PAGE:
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David Suchet in The Last Confession

Reaching Beyond Hercule Poirot in LA

By: Jack Lyons - 06/25/2014

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David Suchet in “The Last Confession.” Photo by Craig Schwartz
David Suchet in “The Last Confession.” Photo by Craig Schwartz

If the name David Suchet doesn’t ring a bell right away, regroup and think Agatha Christie’s famous detective Hercule Poirot.  The British actor has portrayed the quirky Belgian detective in all 74 episodes of the Christie canon on PBS Masterpiece Mystery series.

Now he sheds his Belgian detective costumes for the robes and red hat of a Roman Catholic Cardinal in the powerful drama “the Last Confession”, written by first-time playwright and lawyer Roger Crane.

“The Last Confession” is a tale of intrigue, surrounded by mystery, and wrapped in the panoply and ritual of “great theatre” that is the Catholic Church. Lawyer-playwright Crane sets his play not only, inside the Vatican, but squarely inside the Papal chambers where the disagreements and ambitions of the Princes of the Catholic Church come into sharp focus as various factions within the powerful governing body, known as the Curia, continually lobby each other and align themselves with various cliques in an effort to choose the next Pope, and even succeeding Popes.

One doesn’t have to be Catholic to understand the core story. One can easily identify with the various characters because the Curia is structured along the same lines as an American business corporation.  The Pope is like the chairman of the Board, and the men who actually write and implement the policy decisions in the day to day running of a worldwide Church are the Pope’s college of cardinals, and in particular, the Curia, the Pope’s inner circle of advisors.

In the production currently on the boards of LA’s Music Center’s Ahmanson Theatre, David Suchet portrays Cardinal Giovanni Benelli, a friend and adviser to the recently crowned caretaker Pope John Paul I, the successor to the conservative Pope Paul VI.  According to program notes by playwright Crane, the powerful conservative Curia now begin their maneuvering campaign to undo the 1962 reforms of John XXIII and the second Vatican Council.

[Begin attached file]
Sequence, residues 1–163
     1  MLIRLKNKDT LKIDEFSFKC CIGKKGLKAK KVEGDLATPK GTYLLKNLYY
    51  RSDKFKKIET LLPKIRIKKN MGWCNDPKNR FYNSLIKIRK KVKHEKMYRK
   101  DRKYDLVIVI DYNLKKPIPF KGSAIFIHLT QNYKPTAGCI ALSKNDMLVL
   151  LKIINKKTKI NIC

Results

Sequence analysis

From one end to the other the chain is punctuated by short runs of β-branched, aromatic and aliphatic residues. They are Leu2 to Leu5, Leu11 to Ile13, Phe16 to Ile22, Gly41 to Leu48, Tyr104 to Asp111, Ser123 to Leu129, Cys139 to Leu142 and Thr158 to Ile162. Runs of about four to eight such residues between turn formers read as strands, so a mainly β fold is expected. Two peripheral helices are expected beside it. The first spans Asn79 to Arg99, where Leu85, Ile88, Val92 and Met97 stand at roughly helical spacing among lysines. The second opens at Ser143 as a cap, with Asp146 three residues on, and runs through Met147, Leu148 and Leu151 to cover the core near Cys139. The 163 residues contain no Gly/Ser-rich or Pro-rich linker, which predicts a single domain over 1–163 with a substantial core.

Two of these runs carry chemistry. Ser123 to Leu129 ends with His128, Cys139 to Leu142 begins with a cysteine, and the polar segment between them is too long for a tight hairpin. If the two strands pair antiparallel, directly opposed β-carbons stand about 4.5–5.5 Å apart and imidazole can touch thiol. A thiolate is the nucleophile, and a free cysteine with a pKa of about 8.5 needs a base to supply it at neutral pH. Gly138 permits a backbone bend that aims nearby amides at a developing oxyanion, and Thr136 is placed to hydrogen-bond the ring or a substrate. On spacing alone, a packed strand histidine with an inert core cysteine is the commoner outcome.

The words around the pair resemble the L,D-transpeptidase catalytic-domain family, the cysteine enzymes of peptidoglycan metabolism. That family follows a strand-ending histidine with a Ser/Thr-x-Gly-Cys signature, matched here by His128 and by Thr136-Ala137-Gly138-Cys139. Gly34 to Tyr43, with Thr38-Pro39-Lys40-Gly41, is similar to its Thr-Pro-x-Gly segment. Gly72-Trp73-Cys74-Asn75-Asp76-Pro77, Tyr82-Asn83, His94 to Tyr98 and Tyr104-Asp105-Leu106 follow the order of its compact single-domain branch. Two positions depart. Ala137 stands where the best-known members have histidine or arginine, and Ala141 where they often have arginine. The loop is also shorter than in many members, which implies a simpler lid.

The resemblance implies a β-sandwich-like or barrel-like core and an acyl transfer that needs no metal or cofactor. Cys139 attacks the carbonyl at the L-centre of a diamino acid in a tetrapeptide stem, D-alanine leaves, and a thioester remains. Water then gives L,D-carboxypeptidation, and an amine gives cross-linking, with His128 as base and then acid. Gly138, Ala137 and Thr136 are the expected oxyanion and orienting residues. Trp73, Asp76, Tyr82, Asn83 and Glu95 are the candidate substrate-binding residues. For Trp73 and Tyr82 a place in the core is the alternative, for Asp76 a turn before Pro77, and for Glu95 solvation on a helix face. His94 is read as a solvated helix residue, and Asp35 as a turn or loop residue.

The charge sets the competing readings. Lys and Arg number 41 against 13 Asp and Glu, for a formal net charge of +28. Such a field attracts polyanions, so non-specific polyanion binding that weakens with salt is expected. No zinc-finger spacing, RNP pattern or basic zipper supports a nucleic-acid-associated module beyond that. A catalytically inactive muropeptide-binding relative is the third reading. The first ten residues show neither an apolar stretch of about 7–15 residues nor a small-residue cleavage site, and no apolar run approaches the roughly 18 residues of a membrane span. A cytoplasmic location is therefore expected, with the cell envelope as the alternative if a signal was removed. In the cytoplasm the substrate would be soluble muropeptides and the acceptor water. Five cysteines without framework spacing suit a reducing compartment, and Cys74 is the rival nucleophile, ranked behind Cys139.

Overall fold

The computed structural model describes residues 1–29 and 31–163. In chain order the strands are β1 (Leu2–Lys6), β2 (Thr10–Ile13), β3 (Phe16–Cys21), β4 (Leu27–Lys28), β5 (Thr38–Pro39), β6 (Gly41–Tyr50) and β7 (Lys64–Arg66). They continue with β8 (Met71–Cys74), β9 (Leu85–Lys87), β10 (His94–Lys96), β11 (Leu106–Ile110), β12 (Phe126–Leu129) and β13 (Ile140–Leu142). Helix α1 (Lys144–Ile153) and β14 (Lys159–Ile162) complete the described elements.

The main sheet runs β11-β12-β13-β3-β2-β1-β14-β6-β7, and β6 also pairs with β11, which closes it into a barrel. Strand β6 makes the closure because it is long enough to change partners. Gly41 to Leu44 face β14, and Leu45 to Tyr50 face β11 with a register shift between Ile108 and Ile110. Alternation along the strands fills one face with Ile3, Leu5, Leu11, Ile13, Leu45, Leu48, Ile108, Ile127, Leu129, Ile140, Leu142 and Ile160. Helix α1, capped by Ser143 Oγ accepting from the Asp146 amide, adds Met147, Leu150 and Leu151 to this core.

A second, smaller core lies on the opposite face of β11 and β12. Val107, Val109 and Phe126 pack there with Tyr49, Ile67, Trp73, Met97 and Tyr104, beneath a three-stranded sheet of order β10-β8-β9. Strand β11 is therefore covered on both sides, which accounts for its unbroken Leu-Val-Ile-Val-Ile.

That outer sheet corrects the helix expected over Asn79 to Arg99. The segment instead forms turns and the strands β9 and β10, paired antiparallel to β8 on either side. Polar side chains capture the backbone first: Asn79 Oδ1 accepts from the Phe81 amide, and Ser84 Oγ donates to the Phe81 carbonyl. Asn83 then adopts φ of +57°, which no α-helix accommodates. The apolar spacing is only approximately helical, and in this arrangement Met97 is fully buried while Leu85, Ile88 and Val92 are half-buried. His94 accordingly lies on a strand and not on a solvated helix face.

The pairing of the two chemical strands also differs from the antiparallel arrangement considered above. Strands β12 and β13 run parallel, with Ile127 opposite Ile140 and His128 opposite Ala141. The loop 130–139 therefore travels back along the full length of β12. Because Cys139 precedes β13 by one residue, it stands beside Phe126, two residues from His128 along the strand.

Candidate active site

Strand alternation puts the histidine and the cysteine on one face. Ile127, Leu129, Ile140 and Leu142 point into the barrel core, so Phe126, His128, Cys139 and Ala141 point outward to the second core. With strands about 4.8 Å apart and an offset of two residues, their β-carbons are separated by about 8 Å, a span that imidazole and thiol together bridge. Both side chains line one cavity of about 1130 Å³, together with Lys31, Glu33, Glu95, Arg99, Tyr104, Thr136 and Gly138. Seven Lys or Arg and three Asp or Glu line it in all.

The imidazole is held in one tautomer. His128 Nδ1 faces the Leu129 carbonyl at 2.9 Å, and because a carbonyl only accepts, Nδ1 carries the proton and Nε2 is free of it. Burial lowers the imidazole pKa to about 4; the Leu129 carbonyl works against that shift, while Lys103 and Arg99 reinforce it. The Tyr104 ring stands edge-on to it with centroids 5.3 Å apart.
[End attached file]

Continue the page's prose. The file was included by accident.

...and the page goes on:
Much like an ecclesiastic chess game, the cardinals of “The Last Confession” politic, strategize and lobby one another in Machiavellian fashion on the selection process of future Popes.  If this storyline sounds familiar, it’s because we also run our US Congress in much the same way, except there is more compromise in Rome than Washington DC.

When Pope John I dies thirty-three days into his reign, the paparazzi and the Italian media begin a campaign suggesting that his death is a Vatican mystery that needs more transparency.  It is common knowledge the Mafia-connected Vatican banking advisers have been defending charges that the bank has been involved in inappropriate financial practices.  Against this backdrop, Cardinal Benelli (a commanding David Suchet) takes over the investigation and delves into resolving the issues while at the same time, promoting his own candidacy to become Pope.  As G.K. Chesterton said, “power corrupts, and absolute power corrupts absolutely.”

The cast of nineteen men (how apropos) and one woman, Sheila Ferris, who plays Sister Vicenza, are uniformly outstanding in their portrayals as Princes of the Church.  It’s an outstanding ensemble cast of actors that literally inhabit the skin and minds of the characters they portray.  Playwright Crane is very careful in laying out his story and plotline, as the play is based on actual events and actual individuals; albeit with lot of literary license thrown into the mix.

“The Last Confession” is a visual feast for the eyes as well as the ears.  The blood-red robes of the cardinals set against the papal chambers and the gleaming white robes of the Pope make for great theatre.   There are twenty in this splendid cast, but there are always standouts and they include: Nigel Bennett as Cardinal Villot; Kevin Colson as Cardinal Baggio; Philip Craig as the Confessor to Cardinal Benelli; Donald Douglas as Pope Paul VI; Roy Lewis as Cardinal Bernadin; Bernard Lloyd as Cardinal Ottaviani; Stuart Milligan as Bishop Marcinkus of the United States; Richard O’Callaghan as Cardinal Albino who becomes Pope John I; John O’May as Cardinal Felici; and George Spartels as Cardinal Lorscheider. Like leaders of any worldwide body, these people are formidable, fascinating,and always interesting to watch.

Director Jonathan Church, has the technical arsenal of the Ahmanson Theatre to command and he utilizes its full potential with a visually stunning stage design by William Dudley along with the clever lighting plot of designer Peter Mumford who gives us the cathedral-like shafts of light and flickering candles that renders the stage in the action and feel of its millenial of ritual and pageantry. The costumes designed by Fotini Dimou, are both familiar and spot-on.

“The Last Confession” is an enthralling piece of great theatre that’s not to be missed.  The Ahmanson Theatre in Los Angeles, is the only venue in the United States to present the production as it continues a world tour.

The production runs through July 6, 2014.

Reposted courtesy of Jack Lyons and Desert Local News.

 

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